An ambitious project to launch a crowd-funded lunar mission was announced today. A British company, Lunar Missions Ltd., intends to send a probe to the south pole of the moon in 2024. Its mission will include drilling a borehole at least 20 metres into the lunar surface. It is hoped that it will collect lunar rock samples that have lain undisturbed by solar radiation or meteorite impact since the moon formed some 4.5 billion years ago. This may help us understand how the moon and earth were formed and shed light on the practicality of a permanent manned lunar base.
Perhaps more remarkable than this scientific mission is the funding for the project which is expected to come from voluntary public subscriptions. Lunar Missions’s initial funding round is being run as a KickStarter crowdfunding campaign that the company hopes will yield $950,000 (£600,000) in a month. At that point “we will know if the project can move forward”, says Lunar Missions’s press release. The initial funding will allow the company to establish a management team to take the project to the next stage which will involve further rounds of crowdfunding. To attract pledges, the company offers each subscriber their own “digital memory box” in a time capsule to be buried in the moon as part of the lunar mission. Lunar Missions hopes that 1% of the global population who can afford to will eventually support the project, yielding revenues of £3billion ($4.6 billion).
The Lunar Mission One lander will have to be designed during the project, but it is suggested that the launch vehicle could be a SpaceX Falcon 9. Given that subscribers will be able to send their DNA to the moon as strands of hair, the payload is likely to include two or three kilograms of human hair.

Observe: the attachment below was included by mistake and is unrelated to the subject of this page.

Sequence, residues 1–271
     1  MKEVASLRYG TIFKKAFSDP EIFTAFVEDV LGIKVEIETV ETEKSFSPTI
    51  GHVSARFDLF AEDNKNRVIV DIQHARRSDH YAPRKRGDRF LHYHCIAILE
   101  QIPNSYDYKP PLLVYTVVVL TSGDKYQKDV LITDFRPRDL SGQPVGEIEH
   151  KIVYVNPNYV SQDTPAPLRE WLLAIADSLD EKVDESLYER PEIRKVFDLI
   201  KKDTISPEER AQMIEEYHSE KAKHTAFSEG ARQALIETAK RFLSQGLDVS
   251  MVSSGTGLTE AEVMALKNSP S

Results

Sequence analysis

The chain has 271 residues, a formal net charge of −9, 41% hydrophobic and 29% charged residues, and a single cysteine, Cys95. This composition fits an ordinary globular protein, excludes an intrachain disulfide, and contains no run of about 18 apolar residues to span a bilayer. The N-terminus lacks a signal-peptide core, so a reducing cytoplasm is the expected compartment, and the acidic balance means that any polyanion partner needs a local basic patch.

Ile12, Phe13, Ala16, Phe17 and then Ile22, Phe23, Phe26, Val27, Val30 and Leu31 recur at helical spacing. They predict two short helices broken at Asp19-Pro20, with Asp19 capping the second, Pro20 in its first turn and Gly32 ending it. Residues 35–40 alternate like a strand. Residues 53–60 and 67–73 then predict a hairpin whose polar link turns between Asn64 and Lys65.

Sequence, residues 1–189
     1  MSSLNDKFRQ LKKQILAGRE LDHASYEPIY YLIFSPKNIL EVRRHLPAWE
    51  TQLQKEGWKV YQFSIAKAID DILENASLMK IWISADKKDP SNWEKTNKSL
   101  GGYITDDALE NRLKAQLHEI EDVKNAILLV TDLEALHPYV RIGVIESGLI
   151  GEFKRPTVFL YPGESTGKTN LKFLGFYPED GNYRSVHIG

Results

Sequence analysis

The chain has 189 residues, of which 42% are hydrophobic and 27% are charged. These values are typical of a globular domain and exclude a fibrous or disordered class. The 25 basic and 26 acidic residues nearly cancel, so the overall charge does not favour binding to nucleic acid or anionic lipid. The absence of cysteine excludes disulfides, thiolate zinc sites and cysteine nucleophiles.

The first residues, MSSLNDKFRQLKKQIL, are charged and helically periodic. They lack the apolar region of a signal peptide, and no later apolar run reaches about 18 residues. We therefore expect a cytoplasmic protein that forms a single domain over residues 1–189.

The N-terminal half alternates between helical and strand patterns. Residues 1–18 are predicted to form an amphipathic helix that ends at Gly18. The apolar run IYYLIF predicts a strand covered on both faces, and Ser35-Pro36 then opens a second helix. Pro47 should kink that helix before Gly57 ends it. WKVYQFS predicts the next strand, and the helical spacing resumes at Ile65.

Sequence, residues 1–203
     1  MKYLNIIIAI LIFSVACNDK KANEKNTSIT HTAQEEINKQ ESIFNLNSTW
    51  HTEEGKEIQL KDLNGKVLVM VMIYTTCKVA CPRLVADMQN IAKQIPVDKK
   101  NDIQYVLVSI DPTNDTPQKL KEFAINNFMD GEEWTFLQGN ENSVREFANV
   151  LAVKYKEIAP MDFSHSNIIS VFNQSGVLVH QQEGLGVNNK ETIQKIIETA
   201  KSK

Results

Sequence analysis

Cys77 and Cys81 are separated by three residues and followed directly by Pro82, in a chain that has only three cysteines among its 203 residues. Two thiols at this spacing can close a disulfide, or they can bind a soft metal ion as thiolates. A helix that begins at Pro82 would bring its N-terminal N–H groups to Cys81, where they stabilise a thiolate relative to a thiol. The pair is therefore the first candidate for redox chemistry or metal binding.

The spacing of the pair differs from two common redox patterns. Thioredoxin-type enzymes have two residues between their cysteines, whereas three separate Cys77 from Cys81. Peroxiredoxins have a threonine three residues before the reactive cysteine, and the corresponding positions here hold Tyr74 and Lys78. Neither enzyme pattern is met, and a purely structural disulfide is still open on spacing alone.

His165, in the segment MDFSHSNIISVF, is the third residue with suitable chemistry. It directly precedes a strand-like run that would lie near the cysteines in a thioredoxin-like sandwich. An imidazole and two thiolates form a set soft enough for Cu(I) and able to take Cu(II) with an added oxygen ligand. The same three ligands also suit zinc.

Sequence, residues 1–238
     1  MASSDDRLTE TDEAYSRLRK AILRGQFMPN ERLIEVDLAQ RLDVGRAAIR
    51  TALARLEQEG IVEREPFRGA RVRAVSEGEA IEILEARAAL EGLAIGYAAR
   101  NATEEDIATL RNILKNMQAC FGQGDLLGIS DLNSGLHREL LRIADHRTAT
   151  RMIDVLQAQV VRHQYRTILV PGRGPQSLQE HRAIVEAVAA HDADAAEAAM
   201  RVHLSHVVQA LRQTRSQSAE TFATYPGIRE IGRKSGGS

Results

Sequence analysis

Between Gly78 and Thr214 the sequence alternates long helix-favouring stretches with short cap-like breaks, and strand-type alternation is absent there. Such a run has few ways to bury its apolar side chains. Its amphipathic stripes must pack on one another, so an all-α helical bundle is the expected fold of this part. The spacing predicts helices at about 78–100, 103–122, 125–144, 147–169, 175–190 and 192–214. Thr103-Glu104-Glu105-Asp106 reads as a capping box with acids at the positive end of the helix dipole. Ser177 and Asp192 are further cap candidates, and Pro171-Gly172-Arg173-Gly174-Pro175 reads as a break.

While the lunar mission itself is clearly still a tad speculative, Lunar Missions also intend to use pledged funding to develop an educational project. Billed as “one of the most exciting and ambitious academic undertakings in history”, this will be a digital record of life on earth as submitted by the public. Presumably that will come cheap.
Most important of all, Lunar Missions have the media angle covered with Brian Cox and Angela Lamont on board and a glitzy CGI video of what the space craft might look like once they’ve got round to designing it.
Lunar Mission One is a fascinating and very ambitious idea. It will be interesting to see how far they get. If an entire space mission really can be financed without government or corporate backing, it raises the question of why any other area of scientific research would consider such support necessary.